As I have used Facebook, I have had concerns with privacy. I am not particularly a security-freak, but I am at least security conscious. Facebook is a wonderful location to share information with your friends, as well as with strangers. Zuckerberg, Facebooks founder/creator, has openly stated that he regrets allowing privacy settings when he initially created Facebook. It seems that he would prefer to live in a world where all information is public. Sharing information with the entire world can be a dangerous prospect. Identity theft is increasingly common, and Facebook can lead to more occurrences of that. Unfortunately, many online passwords allow retrieval by security questions (ie: favorite pet, first car, etc.), and many of these questions can be divined by a scan of a person’s profile. A lot of personal information such as Birth Dates and Home Towns are left visible for all to see by default.

Additionally, many people will talk about plans (ie “I’m going to Vegas for the weekend,” or “Going to Fro-Yo tonight, meet us there at 8”). These are easy ways to get stalked and burglarized. Yes, I know this sounds paranoid, but it frightens me even more as I move closer into parenthood.


The second reason that compels me to leave Facebook is the nature of the culture that has arisen due to the ability to say what is on one’s mind to an audience at any time. Surely this is a good thing to express one’s self? Unfortunately, it breeds a society of individuals who are more interested in expressing themselves rather than conversing with others. It feels as though the content I face each day dwindles as I hear about bejeweled, farmville, and people’s exploits and purchases. It’s nice to know people are having fun, but getting one way conversations blips from hundreds of people talking about themselves gets old. Perhaps I’m old fashioned, but I’d rather talk to the people I care about in person.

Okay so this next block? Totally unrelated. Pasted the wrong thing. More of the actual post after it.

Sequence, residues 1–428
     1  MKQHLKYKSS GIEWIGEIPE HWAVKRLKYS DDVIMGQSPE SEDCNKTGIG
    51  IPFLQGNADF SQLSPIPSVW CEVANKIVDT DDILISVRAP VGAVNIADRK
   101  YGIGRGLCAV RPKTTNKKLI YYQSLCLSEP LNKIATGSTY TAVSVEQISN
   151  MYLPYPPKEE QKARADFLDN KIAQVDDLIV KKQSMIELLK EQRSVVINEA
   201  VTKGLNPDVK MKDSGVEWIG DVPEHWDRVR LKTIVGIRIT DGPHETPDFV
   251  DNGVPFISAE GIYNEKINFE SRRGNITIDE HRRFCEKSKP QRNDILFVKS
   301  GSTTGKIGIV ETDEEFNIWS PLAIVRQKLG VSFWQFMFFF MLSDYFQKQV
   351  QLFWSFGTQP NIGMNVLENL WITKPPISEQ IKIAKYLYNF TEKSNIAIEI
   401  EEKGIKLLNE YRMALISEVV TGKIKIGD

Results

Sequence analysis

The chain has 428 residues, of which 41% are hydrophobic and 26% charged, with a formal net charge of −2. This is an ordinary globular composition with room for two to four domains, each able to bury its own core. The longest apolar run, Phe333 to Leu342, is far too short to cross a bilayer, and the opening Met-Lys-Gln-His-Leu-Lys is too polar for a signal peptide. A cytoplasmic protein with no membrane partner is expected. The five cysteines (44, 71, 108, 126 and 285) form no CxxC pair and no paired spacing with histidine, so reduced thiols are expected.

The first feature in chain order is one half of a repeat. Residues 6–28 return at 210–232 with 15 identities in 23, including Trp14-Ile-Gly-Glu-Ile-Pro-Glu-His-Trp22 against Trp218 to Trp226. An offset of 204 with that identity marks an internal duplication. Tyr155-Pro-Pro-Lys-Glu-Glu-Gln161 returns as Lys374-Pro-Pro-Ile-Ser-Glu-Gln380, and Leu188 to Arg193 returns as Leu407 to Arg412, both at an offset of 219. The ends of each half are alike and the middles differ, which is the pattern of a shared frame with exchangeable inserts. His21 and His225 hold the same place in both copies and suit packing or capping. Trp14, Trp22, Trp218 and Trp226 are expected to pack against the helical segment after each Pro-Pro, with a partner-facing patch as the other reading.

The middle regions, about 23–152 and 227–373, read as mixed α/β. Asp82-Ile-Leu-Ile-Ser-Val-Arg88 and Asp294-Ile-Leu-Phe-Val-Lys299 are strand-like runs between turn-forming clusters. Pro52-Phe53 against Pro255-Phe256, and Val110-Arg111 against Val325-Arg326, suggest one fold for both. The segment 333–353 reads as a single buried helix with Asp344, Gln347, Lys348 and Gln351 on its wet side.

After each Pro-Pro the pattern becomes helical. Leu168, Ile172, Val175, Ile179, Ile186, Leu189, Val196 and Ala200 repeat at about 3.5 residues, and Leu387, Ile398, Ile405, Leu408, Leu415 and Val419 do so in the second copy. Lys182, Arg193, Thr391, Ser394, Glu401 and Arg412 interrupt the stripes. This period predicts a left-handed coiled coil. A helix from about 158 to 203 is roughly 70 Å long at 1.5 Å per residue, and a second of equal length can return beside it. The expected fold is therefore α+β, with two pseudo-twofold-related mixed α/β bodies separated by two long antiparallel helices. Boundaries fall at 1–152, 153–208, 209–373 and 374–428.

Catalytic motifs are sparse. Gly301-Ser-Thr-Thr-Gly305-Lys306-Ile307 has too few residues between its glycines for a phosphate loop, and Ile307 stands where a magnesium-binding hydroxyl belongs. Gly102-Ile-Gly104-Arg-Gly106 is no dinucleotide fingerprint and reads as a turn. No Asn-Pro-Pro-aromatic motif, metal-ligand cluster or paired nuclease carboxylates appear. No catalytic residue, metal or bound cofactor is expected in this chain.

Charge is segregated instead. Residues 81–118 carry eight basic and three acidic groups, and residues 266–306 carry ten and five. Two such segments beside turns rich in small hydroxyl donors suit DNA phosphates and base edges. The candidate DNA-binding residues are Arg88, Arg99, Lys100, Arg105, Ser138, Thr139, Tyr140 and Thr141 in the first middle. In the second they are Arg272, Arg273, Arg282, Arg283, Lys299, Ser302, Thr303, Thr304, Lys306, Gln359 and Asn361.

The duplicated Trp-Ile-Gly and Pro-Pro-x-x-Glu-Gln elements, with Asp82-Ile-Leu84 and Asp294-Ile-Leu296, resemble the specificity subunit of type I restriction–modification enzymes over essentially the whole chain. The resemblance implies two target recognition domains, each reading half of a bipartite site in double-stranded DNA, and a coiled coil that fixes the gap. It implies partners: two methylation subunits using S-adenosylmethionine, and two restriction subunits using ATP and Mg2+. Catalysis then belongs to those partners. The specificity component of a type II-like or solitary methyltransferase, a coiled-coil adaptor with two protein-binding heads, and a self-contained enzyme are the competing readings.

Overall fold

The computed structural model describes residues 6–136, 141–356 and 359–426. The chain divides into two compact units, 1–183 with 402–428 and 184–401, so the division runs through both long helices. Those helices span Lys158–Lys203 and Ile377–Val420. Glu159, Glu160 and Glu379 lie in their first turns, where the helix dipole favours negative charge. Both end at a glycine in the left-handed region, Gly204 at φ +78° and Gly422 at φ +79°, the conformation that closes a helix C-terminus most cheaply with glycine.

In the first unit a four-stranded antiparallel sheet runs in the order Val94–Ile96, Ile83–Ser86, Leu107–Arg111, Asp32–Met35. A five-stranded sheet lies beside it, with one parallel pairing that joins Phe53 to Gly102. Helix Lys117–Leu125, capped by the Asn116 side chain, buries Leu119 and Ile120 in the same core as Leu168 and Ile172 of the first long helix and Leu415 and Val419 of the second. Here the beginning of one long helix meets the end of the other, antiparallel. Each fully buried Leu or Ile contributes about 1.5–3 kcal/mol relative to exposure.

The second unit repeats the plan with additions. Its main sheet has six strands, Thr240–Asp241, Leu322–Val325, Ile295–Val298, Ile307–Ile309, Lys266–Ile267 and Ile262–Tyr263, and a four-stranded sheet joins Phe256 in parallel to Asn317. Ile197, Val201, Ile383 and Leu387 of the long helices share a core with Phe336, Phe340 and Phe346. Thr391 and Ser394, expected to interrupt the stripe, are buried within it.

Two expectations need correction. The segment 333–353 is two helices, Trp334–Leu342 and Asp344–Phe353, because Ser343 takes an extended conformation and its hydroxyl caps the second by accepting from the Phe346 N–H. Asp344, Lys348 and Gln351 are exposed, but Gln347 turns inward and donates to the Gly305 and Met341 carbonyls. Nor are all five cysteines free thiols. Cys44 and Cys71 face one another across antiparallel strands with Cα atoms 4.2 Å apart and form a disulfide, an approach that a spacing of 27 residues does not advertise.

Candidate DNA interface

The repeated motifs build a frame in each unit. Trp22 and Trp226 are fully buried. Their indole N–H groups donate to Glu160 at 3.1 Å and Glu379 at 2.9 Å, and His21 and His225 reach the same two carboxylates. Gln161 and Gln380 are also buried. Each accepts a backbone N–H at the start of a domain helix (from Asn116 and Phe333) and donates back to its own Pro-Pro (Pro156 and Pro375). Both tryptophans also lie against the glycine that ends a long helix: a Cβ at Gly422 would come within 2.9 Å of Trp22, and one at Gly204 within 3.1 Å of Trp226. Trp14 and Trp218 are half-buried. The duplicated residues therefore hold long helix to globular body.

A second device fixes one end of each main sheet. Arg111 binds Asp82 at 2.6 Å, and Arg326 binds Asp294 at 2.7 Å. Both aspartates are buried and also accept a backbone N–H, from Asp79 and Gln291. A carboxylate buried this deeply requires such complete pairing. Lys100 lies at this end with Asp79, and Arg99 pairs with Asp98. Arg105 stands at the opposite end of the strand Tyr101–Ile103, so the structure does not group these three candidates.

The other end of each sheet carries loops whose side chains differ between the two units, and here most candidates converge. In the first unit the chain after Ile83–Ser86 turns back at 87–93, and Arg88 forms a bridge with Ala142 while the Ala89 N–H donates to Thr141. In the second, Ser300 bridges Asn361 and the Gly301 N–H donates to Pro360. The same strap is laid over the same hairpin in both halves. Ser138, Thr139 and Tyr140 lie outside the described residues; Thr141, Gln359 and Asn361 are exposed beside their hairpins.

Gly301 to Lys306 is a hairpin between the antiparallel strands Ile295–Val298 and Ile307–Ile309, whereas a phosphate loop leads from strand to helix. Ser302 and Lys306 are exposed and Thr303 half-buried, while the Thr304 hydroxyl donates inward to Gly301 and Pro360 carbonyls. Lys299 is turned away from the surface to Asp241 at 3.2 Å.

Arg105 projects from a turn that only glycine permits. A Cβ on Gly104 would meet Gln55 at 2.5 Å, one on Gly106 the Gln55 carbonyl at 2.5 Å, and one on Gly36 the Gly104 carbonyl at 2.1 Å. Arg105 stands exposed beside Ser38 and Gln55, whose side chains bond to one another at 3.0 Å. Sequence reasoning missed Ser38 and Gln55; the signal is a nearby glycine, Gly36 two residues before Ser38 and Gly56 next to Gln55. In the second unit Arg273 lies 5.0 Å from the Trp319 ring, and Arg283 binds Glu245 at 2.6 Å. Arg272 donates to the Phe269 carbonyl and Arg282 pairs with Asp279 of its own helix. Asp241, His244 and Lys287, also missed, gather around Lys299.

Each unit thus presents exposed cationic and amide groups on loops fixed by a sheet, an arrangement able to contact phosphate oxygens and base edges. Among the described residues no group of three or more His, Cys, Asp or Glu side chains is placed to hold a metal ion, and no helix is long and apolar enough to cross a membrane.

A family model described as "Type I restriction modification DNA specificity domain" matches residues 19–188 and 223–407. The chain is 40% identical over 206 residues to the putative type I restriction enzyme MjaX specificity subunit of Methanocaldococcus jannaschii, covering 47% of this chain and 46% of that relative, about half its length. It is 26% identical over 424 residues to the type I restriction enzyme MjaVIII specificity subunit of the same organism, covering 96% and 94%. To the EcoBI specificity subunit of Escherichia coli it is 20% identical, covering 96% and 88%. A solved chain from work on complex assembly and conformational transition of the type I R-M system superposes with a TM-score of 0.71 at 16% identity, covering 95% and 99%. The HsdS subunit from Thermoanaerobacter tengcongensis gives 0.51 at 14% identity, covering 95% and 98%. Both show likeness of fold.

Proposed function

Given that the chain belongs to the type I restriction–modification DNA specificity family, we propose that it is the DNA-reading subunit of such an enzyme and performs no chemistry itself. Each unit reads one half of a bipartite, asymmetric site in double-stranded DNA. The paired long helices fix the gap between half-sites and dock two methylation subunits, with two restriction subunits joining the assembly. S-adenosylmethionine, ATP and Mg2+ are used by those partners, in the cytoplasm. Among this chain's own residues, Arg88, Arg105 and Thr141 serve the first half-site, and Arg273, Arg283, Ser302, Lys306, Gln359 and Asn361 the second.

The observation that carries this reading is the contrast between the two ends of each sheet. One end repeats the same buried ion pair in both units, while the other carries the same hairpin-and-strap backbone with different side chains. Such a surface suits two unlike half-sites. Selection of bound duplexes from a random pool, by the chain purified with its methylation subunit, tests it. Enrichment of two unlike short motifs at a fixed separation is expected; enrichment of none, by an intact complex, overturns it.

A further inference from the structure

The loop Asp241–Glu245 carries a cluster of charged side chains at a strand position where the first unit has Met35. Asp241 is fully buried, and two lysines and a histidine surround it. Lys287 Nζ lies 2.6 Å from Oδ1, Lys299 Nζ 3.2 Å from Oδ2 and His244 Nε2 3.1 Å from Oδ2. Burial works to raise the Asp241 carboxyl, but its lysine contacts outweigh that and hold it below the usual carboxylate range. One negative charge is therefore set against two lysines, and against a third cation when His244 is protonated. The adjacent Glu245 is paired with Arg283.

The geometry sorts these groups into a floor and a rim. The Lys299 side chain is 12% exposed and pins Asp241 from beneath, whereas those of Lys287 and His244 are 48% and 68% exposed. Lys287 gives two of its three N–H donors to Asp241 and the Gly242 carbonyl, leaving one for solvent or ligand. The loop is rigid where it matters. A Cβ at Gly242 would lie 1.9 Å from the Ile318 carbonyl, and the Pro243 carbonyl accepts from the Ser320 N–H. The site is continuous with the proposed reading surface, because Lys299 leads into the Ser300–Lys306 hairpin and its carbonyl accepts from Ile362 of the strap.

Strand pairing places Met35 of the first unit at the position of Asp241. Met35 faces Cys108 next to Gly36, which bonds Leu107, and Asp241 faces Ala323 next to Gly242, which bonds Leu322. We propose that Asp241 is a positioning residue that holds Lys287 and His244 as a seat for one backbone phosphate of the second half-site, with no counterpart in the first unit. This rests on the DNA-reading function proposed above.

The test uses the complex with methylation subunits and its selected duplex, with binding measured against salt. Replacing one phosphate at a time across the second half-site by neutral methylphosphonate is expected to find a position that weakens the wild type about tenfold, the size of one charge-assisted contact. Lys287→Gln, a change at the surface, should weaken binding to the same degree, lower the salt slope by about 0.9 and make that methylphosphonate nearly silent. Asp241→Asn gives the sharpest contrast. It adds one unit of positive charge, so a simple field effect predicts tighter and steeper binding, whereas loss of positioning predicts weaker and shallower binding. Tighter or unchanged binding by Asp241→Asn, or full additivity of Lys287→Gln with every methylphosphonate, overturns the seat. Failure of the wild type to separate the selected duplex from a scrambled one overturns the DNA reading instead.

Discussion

Data Collection

Another reason that makes it so I cannot trust Facebook is Facebook’s habit of data storage. They consume all the data we throw at them, but have no way of removing it. Sure we can remove information from our profiles, and delete photos, but the information will forever reside on their servers. For what purpose? I don’t know, but I don’t like it.

Manipulative UI

Lastly, Facebook makes it very difficult to remove information from the public. They use bad UI techniques in order to trick you into not deleting or not hiding your personal information. Many check-boxes that remove privacy are clicked by default, very well hidden, and not advertised in any way (such as the “Show Friend List to Everyone”). Have you ever tried deleting an account? It’s not easy. In fact, for a long time, I thought “deactivating” an account was as much as one could do. It turns out that if you finagle your way through the account options enough there is a way to delete an account. Of course, you have to answer lots of questions and get through lots of pages begging you to reconsider. This opposition to the users to actually control their personal information is just more reason to not put your life in Facebook’s controlling hands.